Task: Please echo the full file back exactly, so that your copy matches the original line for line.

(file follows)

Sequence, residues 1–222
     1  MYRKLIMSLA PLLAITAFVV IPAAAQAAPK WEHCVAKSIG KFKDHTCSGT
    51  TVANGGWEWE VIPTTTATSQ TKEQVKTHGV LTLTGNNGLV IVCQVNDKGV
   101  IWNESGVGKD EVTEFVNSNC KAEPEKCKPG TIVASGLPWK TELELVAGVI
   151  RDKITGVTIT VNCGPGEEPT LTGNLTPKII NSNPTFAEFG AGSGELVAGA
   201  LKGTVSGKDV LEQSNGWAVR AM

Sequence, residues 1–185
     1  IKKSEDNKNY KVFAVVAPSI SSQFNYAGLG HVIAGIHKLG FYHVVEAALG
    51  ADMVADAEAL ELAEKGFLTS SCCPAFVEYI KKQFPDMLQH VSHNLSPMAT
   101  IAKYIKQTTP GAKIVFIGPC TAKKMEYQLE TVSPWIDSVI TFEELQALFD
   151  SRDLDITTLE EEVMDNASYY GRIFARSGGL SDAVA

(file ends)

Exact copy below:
Sequence, residues 1–222
     1  MYRKLIMSLA PLLAITAFVV IPAAAQAAPK WEHCVAKSIG KFKDHTCSGT
    51  TVANGGWEWE VIPTTTATSQ TKEQVKTHGV LTLTGNNGLV IVCQVNDKGV
   101  IWNESGVGKD EVTEFVNSNC KAEPEKCKPG TIVASGLPWK TELELVAGVI
   151  RDKITGVTIT VNCGPGEEPT LTGNLTPKII NSNPTFAEFG AGSGELVAGA
   201  LKGTVSGKDV LEQSNGWAVR AM

Sequence, residues 1–185
     1  IKKSEDNKNY KVFAVVAPSI SSQFNYAGLG HVIAGIHKLG FYHVVEAALG
    51  ADMVADAEAL ELAEKGFLTS SCCPAFVEYI KKQFPDMLQH VSHNLSPMAT
   101  IAKYIKQTTP GAKIVFIGPC TAKKMEYQLE TVSPWIDSVI TFEELQALFD
   151  SRDLDITTLE EEVMDNASYY GRIFARSGGL SDAVA